Current consumption patterns are unsustainable and inequitable and must be changed. But changing consumer behavior isn’t enough. Yes, when we shop, we should buy the least damaging product available and affordable, but consumption is a systems problem, meaning our choices at the supermarkets are pre-determined and limited by political and institutional forces beyond the store. To change these, we need to step beyond our role as consumers and reclaim our identity as engaged citizens in a democracy.
In much of the world, consumption rates are soaring, with more people using more resources and energy, and creating more waste and greenhouse gasses than ever before. At the same time, millions of people consume barely enough tot survive. While poverty is often blamed for environmental degradation, this tends to affect local environments whereas the over-consumers are threatening the entire planet.
Over consumption impacts our mental and physical health. We have more stuff than ever before, but we’re also more stressed, less happy and working longer hours to pay for it all. We’re trashing the planet and overworking ourselves to buy stuff that is so toxic it contaminates our homes and bodies and, on top of everything, all this consuming isn’t even making us happy.
Workers caught in the work-watch-spend treadmill are working more hours than at any time in recent history. There is no inherent reason that workers need to work so many hours, especially when overall labor productivity has increased significantly over the last generation. Longer work hours lead to more consumption, less life satisfaction, less time for building community and a bigger ecological footprint.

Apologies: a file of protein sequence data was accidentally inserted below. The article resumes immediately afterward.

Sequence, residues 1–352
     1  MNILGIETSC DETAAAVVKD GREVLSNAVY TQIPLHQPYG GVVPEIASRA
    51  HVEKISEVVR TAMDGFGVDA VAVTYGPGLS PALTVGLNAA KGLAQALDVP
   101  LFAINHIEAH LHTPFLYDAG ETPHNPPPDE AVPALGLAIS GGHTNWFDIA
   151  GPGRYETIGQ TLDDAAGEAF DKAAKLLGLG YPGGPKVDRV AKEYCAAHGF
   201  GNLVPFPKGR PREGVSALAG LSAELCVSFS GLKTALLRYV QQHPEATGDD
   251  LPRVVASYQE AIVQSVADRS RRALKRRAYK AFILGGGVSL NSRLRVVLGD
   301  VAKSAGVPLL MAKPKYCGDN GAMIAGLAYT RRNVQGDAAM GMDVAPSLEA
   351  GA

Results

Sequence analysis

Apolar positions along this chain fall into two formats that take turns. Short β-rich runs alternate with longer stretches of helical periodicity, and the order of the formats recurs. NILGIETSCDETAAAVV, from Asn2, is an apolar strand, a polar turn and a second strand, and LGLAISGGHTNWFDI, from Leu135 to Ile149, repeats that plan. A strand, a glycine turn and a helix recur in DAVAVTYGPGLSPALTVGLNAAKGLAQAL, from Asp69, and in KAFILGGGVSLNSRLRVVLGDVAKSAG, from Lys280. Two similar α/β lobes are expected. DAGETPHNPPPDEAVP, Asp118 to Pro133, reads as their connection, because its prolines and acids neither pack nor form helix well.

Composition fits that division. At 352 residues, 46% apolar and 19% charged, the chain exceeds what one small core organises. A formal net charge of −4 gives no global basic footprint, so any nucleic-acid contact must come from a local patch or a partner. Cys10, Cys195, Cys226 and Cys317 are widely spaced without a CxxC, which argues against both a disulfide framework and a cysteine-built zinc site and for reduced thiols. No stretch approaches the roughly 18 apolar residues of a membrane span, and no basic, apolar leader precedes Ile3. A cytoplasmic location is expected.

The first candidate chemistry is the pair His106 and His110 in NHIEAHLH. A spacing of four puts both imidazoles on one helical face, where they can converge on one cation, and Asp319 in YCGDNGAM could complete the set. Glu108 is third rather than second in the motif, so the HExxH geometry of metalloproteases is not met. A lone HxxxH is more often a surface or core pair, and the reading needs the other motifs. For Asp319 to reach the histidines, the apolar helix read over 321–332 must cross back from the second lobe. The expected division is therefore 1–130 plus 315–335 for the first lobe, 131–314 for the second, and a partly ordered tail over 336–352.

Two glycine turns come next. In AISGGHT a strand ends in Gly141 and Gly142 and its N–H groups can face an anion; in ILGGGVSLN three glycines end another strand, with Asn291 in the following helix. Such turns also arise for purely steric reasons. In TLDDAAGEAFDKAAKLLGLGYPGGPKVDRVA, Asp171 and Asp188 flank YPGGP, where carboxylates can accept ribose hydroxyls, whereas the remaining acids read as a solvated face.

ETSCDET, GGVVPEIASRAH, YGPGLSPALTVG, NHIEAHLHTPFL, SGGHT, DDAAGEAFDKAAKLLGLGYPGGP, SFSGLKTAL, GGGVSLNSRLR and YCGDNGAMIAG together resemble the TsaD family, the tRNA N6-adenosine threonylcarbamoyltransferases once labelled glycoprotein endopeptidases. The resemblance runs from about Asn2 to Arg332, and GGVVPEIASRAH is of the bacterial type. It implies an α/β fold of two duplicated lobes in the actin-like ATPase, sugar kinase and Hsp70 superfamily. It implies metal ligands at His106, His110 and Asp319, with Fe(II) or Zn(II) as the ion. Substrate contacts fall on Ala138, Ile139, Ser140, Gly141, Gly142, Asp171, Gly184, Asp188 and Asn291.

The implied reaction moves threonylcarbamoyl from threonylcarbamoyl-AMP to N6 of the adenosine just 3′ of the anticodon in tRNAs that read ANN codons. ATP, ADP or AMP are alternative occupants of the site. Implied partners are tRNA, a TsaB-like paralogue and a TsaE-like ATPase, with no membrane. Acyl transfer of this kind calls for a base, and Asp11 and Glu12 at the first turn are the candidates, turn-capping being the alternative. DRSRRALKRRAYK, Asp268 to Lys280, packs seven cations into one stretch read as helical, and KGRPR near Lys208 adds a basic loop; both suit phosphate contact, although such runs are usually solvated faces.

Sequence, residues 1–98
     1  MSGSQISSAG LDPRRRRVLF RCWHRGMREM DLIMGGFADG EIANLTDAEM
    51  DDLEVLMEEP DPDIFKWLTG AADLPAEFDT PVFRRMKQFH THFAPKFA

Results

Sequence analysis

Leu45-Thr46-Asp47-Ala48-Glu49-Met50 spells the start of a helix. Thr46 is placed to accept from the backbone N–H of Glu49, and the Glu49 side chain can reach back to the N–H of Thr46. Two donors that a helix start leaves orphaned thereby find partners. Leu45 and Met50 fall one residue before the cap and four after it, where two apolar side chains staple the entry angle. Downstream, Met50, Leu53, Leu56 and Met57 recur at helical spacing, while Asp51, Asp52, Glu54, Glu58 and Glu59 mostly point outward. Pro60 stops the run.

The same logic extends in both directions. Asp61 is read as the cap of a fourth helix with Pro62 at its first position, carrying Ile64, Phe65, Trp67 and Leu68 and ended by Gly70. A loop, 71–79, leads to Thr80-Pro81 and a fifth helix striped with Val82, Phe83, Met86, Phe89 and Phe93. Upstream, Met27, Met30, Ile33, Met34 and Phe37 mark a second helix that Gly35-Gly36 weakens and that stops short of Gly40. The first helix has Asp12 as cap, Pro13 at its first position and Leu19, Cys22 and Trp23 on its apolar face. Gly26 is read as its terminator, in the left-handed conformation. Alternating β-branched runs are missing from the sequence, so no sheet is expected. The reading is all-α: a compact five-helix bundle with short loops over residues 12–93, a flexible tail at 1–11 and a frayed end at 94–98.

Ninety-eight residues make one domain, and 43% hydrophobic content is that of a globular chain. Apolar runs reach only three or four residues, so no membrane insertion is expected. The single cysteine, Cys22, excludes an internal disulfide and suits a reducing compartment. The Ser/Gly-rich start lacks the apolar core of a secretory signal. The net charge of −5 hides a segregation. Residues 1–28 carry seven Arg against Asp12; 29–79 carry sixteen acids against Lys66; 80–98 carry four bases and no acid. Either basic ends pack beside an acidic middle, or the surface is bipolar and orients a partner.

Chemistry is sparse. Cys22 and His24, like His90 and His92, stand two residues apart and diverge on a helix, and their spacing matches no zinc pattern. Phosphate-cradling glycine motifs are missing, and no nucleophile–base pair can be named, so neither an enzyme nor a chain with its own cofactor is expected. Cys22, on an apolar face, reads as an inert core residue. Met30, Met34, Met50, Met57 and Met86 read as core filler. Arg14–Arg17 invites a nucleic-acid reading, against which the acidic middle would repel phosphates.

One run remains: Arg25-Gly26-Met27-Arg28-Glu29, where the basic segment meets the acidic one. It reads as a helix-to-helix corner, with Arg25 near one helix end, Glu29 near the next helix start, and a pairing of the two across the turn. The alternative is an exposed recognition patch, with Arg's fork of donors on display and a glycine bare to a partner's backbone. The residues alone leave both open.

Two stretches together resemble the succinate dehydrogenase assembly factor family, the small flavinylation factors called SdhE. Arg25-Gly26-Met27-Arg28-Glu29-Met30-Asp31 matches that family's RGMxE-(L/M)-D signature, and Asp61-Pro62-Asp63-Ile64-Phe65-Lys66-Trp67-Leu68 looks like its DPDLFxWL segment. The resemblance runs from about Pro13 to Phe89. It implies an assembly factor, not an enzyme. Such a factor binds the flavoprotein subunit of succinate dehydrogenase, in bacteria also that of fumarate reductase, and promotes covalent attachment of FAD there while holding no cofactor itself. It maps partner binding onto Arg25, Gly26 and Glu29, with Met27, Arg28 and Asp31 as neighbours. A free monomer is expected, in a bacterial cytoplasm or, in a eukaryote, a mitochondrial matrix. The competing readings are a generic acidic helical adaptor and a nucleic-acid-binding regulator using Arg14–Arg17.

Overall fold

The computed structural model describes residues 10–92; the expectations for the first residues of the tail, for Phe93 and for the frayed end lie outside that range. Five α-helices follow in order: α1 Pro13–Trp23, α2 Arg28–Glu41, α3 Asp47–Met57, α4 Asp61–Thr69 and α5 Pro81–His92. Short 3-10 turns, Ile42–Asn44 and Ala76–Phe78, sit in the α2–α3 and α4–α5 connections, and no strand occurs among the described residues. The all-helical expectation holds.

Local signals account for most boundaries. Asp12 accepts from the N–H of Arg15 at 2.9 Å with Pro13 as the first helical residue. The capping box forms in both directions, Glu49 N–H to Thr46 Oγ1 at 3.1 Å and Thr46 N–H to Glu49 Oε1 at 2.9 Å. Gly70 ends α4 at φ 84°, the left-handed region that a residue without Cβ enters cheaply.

The U.S. exports its extractive industries, its polluting production plants, and its dirty disposal facilities, but the most hazardous export of all is this consumption-mania that is trashing the planet and our communities. Globalization facilitates the spread of this economic and cultural model, persuading other countries to follow suit. If everyone consumed like those in the U.S., we would need three to five plants.
While more stuff doesn’t bring happiness, we know what does: family time, health, community, collective action towards shared goals. As we replace time spent getting and maintaining more stuff with these things, life gets sweeter. There are a lot of strategies to move in this direction, but there’s no ten simple steps because the level of change needed at this point just isn’t simple.
NGOs to Contact
Click the HERE for a list of organizations working on the issue of consumption. This list is not exhaustive. At this stage, we have limited the list to organizations in the U.S. Many more internation, non-governmental organizations (NGOs) can be found at wiserearth.org, an online community directory and networking forum that maps and connects NGOs working on critical environmental and social issues of our times.
To add your own organization, please post your profile on wiserearth.org in order to connect with others around the world with shared interests.